Pigeons that are carriers often transmit trichomonads to their young during feeding. The disease is common in 10- to 24-day-old squabs. As a method of feeding their young, pigeons regurgitate the sloughed, fat laden cells lining the crop (crop milk) into the oral cavity of the squabs. If squabs are infected with only small numbers of the protozoan, they may develop immunity which is maintained by constant low-level exposure. If squabs are infected with large numbers, a severe outbreak may occur and endanger the entire young generation.

    Lesions of canker are usually most extensive in the mouth, pharynx, or esophagus but may occur at other sites including the crop, proventriculus, or sinuses. The infection is promoted by minor injuries to these tissues. The spelts and awns from grains can easily cause small lesions. The lesions first appear as small, circumscribed, and elevated areas on the surface of the oral mucosa. They may be surrounded by a thin red zone. The lesions may increase in size and coalesce. The build-up of white to yellow/tan caseous material may be sufficiently extensive to partially or completely block the lumen of the esophagus. Organisms may also enter the body through the unhealed navel of squabs. In this form, necrotic tumor-like swellings occur under the skin adjacent to the navel. Lesions can spread to various internal organs, particularly the liver. Large, well-defined, and yellowish areas of hepatic necrosis may be found on necropsy examination.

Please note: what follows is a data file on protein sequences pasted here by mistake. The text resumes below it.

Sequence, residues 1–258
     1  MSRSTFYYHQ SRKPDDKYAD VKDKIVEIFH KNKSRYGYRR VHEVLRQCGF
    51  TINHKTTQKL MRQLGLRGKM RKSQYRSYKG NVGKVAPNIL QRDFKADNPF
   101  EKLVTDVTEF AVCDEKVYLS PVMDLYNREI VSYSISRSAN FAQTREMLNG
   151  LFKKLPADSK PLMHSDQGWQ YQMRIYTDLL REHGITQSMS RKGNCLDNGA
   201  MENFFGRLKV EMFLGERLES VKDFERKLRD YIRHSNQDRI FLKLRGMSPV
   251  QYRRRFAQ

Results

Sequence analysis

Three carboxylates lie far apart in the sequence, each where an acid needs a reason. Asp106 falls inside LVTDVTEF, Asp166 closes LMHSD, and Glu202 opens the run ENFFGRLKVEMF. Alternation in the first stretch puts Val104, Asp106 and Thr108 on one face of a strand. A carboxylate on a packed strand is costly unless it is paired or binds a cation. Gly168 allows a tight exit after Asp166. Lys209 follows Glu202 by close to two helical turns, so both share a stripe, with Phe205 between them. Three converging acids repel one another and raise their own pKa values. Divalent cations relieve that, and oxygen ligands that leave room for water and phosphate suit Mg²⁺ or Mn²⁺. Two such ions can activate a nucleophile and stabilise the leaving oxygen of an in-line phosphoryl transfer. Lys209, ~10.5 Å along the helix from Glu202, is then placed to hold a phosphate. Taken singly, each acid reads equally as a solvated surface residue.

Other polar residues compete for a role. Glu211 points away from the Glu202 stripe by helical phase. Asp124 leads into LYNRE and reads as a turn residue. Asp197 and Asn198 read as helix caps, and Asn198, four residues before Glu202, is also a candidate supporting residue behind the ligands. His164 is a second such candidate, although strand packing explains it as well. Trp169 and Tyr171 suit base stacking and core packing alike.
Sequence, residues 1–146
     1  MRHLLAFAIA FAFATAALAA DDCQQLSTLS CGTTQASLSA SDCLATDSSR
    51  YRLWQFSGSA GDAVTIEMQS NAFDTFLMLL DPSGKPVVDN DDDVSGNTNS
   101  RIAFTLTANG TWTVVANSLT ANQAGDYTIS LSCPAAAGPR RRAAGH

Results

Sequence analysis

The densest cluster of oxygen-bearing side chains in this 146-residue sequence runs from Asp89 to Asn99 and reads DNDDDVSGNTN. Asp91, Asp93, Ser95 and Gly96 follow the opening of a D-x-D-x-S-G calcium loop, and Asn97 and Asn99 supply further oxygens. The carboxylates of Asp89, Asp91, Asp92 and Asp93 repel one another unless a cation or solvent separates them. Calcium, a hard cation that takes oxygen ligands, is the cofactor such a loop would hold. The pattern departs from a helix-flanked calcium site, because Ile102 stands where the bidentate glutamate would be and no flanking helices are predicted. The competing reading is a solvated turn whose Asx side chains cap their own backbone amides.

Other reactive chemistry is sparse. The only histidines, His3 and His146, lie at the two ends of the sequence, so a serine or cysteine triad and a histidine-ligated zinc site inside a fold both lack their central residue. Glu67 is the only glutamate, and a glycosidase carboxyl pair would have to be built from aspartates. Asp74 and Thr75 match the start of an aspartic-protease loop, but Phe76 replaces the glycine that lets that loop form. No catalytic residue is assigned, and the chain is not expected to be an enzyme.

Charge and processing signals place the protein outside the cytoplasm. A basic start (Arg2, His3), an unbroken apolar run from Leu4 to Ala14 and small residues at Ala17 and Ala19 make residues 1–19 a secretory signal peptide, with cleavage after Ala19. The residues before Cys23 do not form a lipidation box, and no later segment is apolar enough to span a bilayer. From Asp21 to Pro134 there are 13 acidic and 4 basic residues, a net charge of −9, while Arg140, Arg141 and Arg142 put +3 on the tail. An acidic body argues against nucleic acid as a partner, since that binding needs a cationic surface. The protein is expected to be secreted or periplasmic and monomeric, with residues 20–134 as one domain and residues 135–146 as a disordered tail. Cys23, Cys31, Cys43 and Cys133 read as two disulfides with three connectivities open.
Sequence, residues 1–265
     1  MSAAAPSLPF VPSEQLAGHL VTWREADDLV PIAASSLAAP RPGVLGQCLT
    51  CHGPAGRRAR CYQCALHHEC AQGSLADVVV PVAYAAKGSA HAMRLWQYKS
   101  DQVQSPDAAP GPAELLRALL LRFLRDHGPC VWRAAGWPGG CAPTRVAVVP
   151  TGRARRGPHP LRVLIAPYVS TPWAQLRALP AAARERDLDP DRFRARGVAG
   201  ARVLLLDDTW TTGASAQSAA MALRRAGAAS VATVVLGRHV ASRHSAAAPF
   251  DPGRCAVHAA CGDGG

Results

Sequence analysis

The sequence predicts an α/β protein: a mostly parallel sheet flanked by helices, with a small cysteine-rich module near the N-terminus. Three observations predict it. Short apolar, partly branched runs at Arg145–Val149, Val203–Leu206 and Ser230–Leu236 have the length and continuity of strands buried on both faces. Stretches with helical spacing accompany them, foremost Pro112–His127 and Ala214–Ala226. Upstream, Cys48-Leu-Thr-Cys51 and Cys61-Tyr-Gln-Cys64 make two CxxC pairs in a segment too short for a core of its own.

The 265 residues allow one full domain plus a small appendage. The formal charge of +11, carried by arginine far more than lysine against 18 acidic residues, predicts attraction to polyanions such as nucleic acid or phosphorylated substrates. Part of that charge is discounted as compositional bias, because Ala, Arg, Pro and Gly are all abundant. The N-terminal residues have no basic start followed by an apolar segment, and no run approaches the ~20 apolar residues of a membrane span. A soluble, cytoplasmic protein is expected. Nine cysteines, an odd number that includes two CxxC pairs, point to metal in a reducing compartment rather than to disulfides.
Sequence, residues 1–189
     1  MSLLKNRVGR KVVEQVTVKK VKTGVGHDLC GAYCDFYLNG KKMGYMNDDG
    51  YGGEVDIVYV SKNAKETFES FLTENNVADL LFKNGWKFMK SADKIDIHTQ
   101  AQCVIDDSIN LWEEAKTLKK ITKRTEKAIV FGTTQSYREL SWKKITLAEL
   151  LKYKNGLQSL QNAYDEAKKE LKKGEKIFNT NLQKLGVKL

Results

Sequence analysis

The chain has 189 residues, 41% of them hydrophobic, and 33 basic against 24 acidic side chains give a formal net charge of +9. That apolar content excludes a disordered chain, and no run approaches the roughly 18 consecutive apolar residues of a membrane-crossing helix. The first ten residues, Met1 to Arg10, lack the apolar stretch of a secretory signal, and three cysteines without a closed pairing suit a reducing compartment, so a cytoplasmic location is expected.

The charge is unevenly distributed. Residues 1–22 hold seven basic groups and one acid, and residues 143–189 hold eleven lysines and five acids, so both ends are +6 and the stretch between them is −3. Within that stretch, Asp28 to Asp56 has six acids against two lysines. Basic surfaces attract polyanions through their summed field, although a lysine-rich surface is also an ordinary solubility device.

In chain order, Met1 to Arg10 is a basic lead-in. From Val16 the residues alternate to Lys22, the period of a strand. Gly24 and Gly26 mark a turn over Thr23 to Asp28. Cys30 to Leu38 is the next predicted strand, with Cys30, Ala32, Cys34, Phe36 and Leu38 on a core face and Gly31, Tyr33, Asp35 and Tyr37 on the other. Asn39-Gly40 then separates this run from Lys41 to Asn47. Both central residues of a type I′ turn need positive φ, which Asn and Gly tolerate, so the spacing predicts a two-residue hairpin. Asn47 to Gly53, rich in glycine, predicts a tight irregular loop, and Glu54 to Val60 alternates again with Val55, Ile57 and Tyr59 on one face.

Typical signs and lesions are very suggestive of the disease. Demonstration of large numbers of organisms in the oral fluids is usually considered enough evidence for diagnosis. The small plaques in the mucosa should be differentiated from pox, vitamin-A deficiency, or candidiasis.